- QXE-4042: Revolution/Modernity 1790-1930 (30) (Semester 2) This module will explore a range of texts published between 1790 and 1930 which document revolutionary moments in political ideology, gender identity and aesthetics. Arranged around three revolutionary moments- the French revolution of 1789, the European revolutions of 1848, and the duration and aftermath of the First World War (including the Russian revolution), it will examine texts that bear witness to the birth of new forms of modernity and which challenge (or sometimes reassert) dominant political, gender and aesthetic ideologies. Authors studied are likely to include, Edmund Burke, Mary Wollstonecraft, Blake, Wordsworth, Marx, Thomas Carlyle, Emily Bronte, T.S. Eliot and James Joyce.
- QXE-4044: Welsh Literature in English (30) (Semester 1) The module will cover a range of canonical Anglophone Welsh texts. Topics to be covered may include: canonicity; the grounds on which a distinctive Anglophone Welsh literary tradition has been established and contested; the relation of literary texts to Welsh history; the ways in which literature constructs and interrogates Welsh national identity; internal differences across Wales; Celticism; modernism; the relation between cultural and political (in)dependence; what texts from the tradition of Welsh Writing in English have in common with literature from other traditions; Welsh literature and postcolonialism; Welsh literature and gender; the relation between Anglophone Welsh and Welsh literary tradition. Core Critical Texts Primary texts will vary from year to year but will include those by some of the following authors: Amy Dillwyn, Arthur Machen , Caradoc Evans, Edward Thomas, Lewis Jones, Jack Jones, Gwyn Jones, Gwyn Thomas, Idris Davies, Glyn Jones, Ron Berry, Alun Richards, Menna Gallie, Raymond Williams, Chris Meredith, Dylan Thomas, David Jones, Lynette Roberts, Brenda Chamberlain, R. S. Thomas, Emyr Humphreys, Rhys Davies, Margiad Evans, John Sam Jones, Peter Finch, Gwyneth Lewis, Menna Elfyn.
- QXE-4050: Material Texts & Editing (30) (Semester 2) This module will explore the complex inter-relationships between texts and the editorial methods which lead to the production of editions. It will expose students to issues pertaining to textual transmission and authorship from the medieval to the contemporary period and difficulties posed by factors such as anonymity or translation and adaptation, among other. The students will have the opportunity to study the methods employed in the editing of scholarly journals, and of texts from the medieval to the contemporary period, including elements relating to the history of publishing in these periods, with a view to better understanding the influence of the editorial process on the history of textual reception. Manuscript as well as print history will be related to the shaping of the canon of literature, and students will be encouraged to learn about as well as view critically norms practiced and adopted by editors across time.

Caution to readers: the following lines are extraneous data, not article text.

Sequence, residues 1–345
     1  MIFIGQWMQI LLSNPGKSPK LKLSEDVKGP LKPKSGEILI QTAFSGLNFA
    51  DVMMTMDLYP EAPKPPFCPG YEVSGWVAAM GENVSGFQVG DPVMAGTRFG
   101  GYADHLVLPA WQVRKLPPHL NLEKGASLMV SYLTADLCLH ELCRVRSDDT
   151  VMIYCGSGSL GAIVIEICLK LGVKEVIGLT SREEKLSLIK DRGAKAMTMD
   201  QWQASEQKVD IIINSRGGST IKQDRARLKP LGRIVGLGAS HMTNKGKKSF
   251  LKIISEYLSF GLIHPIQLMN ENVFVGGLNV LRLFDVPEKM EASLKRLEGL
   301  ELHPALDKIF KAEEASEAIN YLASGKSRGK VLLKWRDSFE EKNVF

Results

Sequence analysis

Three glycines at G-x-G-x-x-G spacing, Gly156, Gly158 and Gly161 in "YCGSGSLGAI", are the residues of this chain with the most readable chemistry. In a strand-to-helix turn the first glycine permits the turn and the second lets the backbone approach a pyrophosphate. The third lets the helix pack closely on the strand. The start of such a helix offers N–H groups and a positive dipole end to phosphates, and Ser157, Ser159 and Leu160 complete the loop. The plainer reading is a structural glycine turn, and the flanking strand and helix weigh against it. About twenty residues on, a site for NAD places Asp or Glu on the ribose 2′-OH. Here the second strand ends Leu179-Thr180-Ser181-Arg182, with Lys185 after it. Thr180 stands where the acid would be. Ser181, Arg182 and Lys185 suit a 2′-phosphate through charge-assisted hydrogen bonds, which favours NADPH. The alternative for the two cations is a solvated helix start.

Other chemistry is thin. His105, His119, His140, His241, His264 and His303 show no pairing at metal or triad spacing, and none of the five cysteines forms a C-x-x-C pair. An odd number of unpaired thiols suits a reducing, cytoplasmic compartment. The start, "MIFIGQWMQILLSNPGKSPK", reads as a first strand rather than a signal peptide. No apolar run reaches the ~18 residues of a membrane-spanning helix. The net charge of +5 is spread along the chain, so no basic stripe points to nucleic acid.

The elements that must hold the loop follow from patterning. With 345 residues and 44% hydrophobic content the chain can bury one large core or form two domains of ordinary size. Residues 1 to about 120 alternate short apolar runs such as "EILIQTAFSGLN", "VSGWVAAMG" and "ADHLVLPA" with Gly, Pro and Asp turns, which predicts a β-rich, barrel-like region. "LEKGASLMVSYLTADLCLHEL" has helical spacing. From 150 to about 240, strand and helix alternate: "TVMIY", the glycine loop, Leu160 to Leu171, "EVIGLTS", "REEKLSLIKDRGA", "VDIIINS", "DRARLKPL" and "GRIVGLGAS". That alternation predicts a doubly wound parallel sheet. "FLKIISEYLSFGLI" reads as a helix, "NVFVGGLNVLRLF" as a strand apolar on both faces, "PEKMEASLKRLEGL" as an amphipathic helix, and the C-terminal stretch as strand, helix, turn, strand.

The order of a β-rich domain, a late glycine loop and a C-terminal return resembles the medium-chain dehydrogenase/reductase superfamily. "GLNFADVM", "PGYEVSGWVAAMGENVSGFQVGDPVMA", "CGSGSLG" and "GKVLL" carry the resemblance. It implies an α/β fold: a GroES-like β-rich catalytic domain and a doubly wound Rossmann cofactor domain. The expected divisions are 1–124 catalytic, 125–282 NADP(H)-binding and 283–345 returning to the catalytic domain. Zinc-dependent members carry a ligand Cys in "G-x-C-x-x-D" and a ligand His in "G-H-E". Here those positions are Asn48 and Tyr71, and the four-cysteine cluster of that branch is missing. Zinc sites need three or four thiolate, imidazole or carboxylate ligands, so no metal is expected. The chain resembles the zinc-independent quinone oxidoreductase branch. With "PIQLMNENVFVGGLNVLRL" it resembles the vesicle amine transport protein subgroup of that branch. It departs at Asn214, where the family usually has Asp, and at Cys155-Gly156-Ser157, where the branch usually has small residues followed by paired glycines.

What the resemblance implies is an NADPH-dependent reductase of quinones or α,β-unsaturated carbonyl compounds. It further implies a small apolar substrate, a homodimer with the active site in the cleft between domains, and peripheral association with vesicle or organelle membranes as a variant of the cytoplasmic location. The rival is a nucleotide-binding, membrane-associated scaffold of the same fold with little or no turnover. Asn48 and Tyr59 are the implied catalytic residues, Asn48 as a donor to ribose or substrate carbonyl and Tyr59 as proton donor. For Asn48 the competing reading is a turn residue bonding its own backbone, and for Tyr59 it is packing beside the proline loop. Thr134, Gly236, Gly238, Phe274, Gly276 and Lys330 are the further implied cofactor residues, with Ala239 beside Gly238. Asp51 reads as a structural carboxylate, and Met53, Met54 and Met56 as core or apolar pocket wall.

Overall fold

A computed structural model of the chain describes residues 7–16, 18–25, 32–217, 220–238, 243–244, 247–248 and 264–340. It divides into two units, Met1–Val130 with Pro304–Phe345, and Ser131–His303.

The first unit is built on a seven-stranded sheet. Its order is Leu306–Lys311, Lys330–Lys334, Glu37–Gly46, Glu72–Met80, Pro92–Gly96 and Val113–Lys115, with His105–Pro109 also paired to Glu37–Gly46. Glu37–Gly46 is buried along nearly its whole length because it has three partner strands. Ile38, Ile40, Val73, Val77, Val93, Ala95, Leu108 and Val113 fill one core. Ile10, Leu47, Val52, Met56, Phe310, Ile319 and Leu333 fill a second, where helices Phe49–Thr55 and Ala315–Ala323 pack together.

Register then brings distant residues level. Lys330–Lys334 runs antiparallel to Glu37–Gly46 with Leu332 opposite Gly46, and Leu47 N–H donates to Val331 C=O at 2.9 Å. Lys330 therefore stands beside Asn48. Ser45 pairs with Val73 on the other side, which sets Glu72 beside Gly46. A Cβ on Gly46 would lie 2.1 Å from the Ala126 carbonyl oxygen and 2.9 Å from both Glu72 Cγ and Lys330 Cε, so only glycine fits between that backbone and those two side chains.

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- QXE-4033: Postgraduate Portfolio S1 (10) (Semester 1) This module is designed to enable to postgraduate to pursue advanced level of research through sustained pieces of writing on a research area to be determined by student and tutor. This module offers the opportunity for the postgraduate to submit a portfolio of work of independent research (guided by tutorial supervision) addressing an enquiry which might not be on offer within the existing range of core and optional postgraduate modules within the existing menu in the home CAH School. The intellectual format of the portfolio will be agreed by tutor and student and will present an ideal outlet in which to demonstrate the student¿s scholarly practices: the ability to construct carefully researched and organised piece(s) of writing; the ability to abide by scholarly practices of notation and referencing; the ability to engage at an advanced level with critical approaches to the chosen field of enquiry; the ability to formulate argumentation at an advanced level.
- QXE-4034: Postgraduate Portfolio S2 (10) (Semester 2) This module is designed to enable to postgraduate to pursue advanced level of research through sustained pieces of writing on a research area to be determined by student and tutor. This module offers the opportunity for the postgraduate to submit a portfolio of work of independent research (guided by tutorial supervision) addressing an enquiry which might not be on offer within the existing range of core and optional postgraduate modules within the existing menu in the home CAH School. The intellectual format of the portfolio will be agreed by tutor and student and will present an ideal outlet in which to demonstrate the student¿s scholarly practices: the ability to construct carefully researched and organised piece(s) of writing; the ability to abide by scholarly practices of notation and referencing; the ability to engage at an advanced level with critical approaches to the chosen field of enquiry; the ability to formulate argumentation at an advanced level.